The Expendables (15)
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Time Out says
Thu Aug 5 2010For all those hoping that Sylvester Stallone’s much-touted ‘The Expendables’ would be a sardonic, fourth-wall shattering action spectacular that toyed affectionately with the meat-headed conventions of such retrograde 1980s artefacts as ‘Cobra’, ‘Rambo’ and ‘Commando’, well, don’t break out the foam-dome and Whitesnake records just yet…
If ever a test case were required to prove the theory that shit in quote marks is still shit, this is it. ‘The Expendables’ is a sluggish, derivative, witless farrago which is laser-targeted to the nostalgia set and would surely have gone straight to DVD were it not for Stallone’s recent run at the box office with belated sequels to his ‘Rocky’ and ‘Rambo’ franchises.
‘The Expendables’ is – once again – about ageing fighters who remain happily out of sync with the modern world, though it’s more ‘Wild Hogs’ than ‘No Country For Old Men’, concerned less with growing old gracefully than with clinging to a state of perpetual adolescence in which fast cars, tattoos and knifes all remain indescribably cool. Sly is Barney Ross, the stogie-chomping front man to a ragtag, cosily diverse unit of jaded, muscle-bound mercenaries who accept jobs that no-one else in their right mind would touch. Stallone has lost much of the loveable-lug lustre of his early years and seems to have turned into his own ‘Spitting Image’ puppet, spending the entire film looking like he’s watching a fly perched on the end of his nose.
We open on the gang dealing with a fleet of Somalian pirates, revealing that – unsurprisingly – diplomacy is not a term in their lexicon. Before you can say, ‘Hey, what’s Dolph Lundgren doing with that 12-gauge?’, a hostage-taker has been shot through the torso and the whole vessel is submerged in gunfire. And so the depressingly reactionary tone is set, offering the first hint that the title of the film refers as much to the group’s view of other human beings as it does to themselves.
Settling for the most rudimentary of save-the-maiden/topple-the-dicator plotlines and wheeling out tough-guy clichés by rote, innovation and skill are notable by their absence. And as if things weren’t bad enough, Stallone mysteriously opts to photograph the entire film in extreme close-up, which a) allows you to see just how shallow all the characters are, b) alerts you to the shoddiness of the effects, and c) means that all the action scenes look like an indiscriminate tangle of bloody body parts.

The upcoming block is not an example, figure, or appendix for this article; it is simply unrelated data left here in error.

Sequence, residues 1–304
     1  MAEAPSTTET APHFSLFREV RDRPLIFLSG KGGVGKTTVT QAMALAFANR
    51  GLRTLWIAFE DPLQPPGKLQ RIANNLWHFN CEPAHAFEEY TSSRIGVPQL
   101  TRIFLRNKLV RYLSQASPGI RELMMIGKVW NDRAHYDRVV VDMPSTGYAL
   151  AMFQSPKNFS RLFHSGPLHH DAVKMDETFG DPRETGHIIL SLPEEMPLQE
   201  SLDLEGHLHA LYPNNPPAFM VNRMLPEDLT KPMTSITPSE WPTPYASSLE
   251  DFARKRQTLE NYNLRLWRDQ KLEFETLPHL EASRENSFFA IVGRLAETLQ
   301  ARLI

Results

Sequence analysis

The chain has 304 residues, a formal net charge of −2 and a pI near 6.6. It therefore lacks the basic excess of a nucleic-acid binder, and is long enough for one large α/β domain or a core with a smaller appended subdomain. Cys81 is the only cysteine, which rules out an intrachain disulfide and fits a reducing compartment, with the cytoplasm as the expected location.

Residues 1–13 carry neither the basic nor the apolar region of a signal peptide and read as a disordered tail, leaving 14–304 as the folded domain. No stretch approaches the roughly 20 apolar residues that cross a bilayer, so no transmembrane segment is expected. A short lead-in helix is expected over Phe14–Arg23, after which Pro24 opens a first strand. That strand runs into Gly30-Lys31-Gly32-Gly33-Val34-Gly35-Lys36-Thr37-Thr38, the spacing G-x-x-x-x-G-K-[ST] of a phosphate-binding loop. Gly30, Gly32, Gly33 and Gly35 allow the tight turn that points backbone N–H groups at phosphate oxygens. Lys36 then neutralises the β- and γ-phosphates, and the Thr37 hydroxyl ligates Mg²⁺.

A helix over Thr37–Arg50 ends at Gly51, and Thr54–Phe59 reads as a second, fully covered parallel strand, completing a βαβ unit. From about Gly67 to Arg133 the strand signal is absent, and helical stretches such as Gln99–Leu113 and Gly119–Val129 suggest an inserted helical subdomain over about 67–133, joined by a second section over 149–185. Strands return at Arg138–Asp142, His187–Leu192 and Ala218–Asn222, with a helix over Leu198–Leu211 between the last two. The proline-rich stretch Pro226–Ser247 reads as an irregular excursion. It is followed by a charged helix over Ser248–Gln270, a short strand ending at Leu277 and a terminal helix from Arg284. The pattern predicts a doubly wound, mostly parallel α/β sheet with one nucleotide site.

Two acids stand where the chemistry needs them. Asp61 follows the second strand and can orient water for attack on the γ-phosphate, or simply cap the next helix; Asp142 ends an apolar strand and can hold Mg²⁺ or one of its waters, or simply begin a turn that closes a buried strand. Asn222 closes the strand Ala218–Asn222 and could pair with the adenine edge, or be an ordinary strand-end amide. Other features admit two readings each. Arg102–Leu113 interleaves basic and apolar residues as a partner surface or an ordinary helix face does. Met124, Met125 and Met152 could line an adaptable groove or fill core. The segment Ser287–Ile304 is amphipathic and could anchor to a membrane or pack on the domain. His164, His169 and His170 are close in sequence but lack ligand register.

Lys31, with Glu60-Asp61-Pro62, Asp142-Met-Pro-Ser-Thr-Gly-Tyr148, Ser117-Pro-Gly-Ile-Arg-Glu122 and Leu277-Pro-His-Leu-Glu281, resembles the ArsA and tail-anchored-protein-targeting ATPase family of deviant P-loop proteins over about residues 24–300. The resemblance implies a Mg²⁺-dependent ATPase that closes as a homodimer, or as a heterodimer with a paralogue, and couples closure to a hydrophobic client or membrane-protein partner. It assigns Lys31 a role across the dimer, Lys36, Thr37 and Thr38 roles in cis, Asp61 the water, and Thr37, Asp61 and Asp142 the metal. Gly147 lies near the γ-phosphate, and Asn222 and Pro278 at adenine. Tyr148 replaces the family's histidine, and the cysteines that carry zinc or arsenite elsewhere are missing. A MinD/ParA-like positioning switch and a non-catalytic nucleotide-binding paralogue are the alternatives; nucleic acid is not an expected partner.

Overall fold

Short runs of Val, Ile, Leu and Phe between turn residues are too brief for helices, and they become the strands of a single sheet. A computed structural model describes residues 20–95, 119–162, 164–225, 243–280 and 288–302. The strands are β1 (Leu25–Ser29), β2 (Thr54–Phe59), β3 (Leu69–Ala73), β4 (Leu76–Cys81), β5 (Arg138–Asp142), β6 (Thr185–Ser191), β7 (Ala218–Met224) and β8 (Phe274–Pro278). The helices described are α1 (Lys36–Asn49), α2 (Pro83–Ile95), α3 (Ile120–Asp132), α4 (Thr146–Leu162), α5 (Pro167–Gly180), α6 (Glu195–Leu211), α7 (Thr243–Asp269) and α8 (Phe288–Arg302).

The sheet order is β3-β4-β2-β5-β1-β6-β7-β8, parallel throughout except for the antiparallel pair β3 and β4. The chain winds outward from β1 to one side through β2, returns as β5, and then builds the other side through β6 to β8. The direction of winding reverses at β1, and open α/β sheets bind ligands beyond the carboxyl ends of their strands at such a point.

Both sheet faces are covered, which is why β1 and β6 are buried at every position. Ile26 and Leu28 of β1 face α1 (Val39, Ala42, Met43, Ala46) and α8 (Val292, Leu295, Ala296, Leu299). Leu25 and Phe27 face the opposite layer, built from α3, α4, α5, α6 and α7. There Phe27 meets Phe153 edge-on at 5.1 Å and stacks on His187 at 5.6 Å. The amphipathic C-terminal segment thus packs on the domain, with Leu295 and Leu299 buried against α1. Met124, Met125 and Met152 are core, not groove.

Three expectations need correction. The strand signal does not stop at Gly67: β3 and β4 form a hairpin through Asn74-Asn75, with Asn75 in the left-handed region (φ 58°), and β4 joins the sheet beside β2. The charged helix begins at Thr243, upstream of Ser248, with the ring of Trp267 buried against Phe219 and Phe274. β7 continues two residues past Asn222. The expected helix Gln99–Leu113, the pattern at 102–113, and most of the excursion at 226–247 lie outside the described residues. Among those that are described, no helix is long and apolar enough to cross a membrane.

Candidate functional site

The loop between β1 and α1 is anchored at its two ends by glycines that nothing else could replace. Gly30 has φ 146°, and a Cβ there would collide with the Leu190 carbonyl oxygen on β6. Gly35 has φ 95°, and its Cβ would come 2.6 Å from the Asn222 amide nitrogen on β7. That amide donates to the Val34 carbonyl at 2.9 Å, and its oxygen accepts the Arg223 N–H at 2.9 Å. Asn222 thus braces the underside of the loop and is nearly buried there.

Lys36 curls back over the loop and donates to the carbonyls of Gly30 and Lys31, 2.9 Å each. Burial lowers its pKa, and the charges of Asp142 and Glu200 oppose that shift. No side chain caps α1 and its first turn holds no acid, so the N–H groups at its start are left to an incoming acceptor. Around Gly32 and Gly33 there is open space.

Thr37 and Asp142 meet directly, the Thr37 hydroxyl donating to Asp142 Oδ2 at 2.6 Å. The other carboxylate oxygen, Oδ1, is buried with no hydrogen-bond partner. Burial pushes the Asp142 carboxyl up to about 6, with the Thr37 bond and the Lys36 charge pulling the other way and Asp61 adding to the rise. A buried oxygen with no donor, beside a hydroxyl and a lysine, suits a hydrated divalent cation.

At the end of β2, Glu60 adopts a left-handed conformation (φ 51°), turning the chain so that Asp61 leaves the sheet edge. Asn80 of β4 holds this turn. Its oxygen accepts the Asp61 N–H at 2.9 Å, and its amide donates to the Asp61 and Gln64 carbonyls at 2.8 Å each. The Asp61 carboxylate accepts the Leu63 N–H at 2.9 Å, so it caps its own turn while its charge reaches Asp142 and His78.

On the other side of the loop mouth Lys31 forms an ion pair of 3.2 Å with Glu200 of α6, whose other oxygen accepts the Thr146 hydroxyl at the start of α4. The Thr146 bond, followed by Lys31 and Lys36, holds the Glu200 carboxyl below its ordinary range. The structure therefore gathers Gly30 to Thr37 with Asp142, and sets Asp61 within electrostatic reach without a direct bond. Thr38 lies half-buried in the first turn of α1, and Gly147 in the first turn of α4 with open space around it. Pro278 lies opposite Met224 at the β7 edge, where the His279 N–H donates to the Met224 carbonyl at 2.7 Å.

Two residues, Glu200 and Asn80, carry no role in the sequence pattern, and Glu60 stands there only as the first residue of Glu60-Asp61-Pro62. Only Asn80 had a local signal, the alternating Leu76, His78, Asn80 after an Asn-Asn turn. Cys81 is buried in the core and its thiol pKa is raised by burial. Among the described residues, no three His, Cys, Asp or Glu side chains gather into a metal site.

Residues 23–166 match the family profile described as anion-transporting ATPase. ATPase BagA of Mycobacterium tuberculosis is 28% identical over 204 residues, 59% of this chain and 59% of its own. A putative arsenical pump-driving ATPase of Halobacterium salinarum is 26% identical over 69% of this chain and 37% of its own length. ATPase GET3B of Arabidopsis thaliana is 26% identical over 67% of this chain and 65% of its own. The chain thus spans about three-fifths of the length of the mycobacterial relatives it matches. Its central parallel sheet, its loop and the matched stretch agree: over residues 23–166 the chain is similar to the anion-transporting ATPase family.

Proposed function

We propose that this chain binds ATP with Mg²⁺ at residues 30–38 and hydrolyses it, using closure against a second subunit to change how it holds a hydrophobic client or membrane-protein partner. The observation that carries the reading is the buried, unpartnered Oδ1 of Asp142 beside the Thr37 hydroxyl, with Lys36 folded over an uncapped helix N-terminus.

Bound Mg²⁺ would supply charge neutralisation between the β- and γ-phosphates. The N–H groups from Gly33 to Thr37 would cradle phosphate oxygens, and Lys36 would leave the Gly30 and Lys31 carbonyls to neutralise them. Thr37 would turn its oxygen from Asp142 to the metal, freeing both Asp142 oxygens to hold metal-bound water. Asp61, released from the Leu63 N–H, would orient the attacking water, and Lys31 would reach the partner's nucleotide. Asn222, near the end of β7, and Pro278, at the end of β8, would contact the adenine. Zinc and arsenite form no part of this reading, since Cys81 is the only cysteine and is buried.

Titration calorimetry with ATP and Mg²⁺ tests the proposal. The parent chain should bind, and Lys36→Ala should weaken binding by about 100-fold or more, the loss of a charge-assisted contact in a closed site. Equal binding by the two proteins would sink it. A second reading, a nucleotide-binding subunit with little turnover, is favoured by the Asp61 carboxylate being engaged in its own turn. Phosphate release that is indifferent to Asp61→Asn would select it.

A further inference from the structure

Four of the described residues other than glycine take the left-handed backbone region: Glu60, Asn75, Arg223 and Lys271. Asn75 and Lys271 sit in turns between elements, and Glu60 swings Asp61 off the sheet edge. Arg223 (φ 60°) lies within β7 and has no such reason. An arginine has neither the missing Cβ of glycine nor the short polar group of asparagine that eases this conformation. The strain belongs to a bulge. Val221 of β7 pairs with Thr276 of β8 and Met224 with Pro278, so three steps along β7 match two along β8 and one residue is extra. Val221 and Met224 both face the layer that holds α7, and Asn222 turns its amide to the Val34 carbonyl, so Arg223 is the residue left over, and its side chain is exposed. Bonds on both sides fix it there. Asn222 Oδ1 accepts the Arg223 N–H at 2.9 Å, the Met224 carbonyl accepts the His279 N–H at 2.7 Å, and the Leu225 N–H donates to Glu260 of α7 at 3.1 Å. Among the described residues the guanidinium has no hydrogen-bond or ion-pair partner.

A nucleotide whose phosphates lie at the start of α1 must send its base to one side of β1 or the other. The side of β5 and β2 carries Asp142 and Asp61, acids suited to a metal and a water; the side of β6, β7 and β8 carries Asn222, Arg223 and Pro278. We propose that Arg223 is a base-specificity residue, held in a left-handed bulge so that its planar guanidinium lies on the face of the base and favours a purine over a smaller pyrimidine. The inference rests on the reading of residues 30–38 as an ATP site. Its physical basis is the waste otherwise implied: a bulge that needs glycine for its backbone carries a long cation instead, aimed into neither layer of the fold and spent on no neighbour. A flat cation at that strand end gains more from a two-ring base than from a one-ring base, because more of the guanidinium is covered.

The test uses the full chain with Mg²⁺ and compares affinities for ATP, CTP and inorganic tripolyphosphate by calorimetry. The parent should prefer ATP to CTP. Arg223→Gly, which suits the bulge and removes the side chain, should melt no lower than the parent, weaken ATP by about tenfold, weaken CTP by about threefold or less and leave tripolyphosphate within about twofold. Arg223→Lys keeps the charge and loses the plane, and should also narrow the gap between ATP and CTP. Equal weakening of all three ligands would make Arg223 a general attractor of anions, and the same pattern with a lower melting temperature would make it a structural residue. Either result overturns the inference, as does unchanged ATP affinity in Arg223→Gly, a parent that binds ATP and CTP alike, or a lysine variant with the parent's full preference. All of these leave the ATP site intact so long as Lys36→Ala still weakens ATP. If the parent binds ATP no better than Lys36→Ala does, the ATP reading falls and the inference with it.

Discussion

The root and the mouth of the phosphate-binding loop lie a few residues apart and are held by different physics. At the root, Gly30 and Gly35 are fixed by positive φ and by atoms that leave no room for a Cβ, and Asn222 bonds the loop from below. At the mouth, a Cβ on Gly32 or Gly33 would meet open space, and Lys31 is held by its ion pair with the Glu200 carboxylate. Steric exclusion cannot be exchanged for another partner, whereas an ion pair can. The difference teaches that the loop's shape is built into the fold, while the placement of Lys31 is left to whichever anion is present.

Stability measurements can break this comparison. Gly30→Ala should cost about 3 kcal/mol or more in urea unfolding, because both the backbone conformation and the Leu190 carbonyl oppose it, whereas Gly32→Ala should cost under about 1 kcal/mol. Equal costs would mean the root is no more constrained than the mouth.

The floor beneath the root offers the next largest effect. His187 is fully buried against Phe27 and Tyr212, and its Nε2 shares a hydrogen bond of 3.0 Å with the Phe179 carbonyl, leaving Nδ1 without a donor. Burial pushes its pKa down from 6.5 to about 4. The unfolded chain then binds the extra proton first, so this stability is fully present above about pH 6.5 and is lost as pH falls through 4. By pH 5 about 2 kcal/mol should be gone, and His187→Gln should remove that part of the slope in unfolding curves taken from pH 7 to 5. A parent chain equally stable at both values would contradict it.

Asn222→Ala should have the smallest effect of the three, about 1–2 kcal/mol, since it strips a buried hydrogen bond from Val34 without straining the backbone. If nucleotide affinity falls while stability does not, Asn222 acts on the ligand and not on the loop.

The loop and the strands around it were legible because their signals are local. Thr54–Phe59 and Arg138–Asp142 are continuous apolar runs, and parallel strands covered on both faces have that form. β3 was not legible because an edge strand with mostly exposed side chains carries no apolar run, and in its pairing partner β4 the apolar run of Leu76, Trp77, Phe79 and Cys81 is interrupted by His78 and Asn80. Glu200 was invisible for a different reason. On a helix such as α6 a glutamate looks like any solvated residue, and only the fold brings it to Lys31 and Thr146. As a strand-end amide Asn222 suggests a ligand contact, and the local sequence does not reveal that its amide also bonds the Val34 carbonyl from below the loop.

Elsewhere, pickings remain slim. Cameo appearances by Bruce Willis and Arnold Schwarzenegger serve no function whatsoever bar allowing Stallone to make a cheap allusion to Arnie’s day job (a Planet Hollywood gag would’ve been funnier), while the inclusion of a romantic sub-plot exists solely to allow Jason Statham to furnish retributive justice on the local wife-beater. There’s even a fight scene inspired by a racial stereotype, as Jet Li engages in a warehouse tussle with Lundgren and gains the advantage because he’s so short.
Even if Sly’s sense of irony hadn’t been lost in the mail, ‘The Expendables’ would still be unsalvageable. It’s a film that exists in a cultural limbo, where life, history and filmmaking appear to have ceased at the moment Ronald Reagan left office. Still, if you like watching men with no necks thumping each other, this could be your ‘Citizen Kane’.
Author: David Jenkins